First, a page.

Information technology is a critical part of business operations. When things don’t work the way they’re supposed to, it can result in unplanned downtime, interruptions in client service, and lost productivity and income. Following IT best practices is essential to protecting your people and intellectual property, too. When starting a company, there are four main IT mistakes business owners make, which become more problematic the larger they grow.
They don’t compartmentalize company information. When you work with only a handful of people who all wear many hats, they typically need access to a wide range of information. Often, a single shared drive is used to store documents and data, and everyone has equal permissions. But if you don’t compartmentalize and implement restrictions as you grow, many hands in the pot could increase your risk of losing important information – simply by editing or moving files. As you add employees, it’s best to segment information by department and give people visibility into only those areas necessary to do their jobs.
They’re reactive rather than proactive. No one likes to spend money on preventive maintenance. When your business is first starting out, you’re usually just focused on making payroll. And as you grow, other expenses compete for priority. I understand the temptation to back-burner IT updates and replacements when technology isn’t yet broken, but doing so could result in bigger issues later. Aging hard drives, expired antivirus software and out-of-date programs not only increase your exposure but also slow productivity. And when they do finally break, you could end up paying more for rushed or interim equipment due to lack of planning.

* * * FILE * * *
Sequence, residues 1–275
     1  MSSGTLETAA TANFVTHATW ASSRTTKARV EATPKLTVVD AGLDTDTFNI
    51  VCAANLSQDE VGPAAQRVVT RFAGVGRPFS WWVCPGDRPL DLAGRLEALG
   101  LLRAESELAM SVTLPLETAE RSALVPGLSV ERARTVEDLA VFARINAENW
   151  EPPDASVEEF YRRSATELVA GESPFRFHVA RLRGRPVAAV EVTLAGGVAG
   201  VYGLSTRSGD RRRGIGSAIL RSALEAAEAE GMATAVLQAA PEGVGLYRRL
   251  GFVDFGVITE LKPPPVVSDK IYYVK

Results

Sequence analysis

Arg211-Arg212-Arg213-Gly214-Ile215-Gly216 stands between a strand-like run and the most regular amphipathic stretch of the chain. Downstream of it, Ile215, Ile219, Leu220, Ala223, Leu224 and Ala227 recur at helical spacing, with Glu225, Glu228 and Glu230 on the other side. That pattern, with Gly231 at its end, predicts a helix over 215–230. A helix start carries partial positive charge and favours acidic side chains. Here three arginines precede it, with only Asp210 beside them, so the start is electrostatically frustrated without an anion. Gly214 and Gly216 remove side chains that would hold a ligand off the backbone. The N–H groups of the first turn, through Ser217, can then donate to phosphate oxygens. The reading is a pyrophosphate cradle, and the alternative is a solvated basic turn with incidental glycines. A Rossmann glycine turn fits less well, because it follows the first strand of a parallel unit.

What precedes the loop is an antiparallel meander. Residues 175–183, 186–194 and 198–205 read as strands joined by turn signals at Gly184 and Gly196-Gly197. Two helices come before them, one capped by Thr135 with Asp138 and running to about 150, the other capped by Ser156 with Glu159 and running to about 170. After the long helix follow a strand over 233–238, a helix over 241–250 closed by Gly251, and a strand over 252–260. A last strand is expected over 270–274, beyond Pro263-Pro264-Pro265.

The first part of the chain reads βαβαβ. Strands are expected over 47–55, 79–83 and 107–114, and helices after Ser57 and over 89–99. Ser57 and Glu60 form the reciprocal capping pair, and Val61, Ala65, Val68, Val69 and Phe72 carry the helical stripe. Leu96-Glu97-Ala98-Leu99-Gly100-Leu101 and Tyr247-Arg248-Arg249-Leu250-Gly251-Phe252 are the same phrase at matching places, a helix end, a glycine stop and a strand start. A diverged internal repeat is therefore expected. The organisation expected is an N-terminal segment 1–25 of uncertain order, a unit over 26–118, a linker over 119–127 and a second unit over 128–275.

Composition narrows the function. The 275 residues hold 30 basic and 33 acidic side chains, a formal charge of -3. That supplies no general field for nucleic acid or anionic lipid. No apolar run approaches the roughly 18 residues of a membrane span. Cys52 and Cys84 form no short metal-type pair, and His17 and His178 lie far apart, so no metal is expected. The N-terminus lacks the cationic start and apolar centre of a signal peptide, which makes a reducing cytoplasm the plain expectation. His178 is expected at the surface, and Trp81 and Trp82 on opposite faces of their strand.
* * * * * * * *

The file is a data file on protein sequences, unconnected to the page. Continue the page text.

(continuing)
They don’t address physical security. Most people are aware of – and many have been victim to – online scams, phishing attempts or virus infections. It’s true that scammers digitally target those without a protection plan. However, business owners often overlook building security as a part of their precautions. Depending on your industry, a physical location might house large amounts of sensitive information. Good exterior lighting, a security system and a few extra steps to lock things down before you leave the office could help ensure it’s all there when you return tomorrow.
They wait too long to enlist a professional. Most small businesses don’t require a dedicated IT person on staff. So, the job falls to whoever is willing to take it, or it’s “outsourced” to a friend or family member who is “good with computers.” Unfortunately, many people know just enough to be dangerous when it comes to technology, and after getting copiers connected and the internet up-and-running, most other IT work gets neglected. Talk with a third-party IT company early to set your business up for success and scalable growth. Get referrals from people you trust, vet their references and agree to a scope of work that makes sense for your company. Don’t sign a contract for more than you need, and be sure they deliver what they promise.
When you put blood, sweat and tears into building a business, take the necessary steps to protect it. Because it can either cost you now or cost you a lot more later.
Blog by Dean Robinson, Director of Information Technology.
Category: Information Technology Team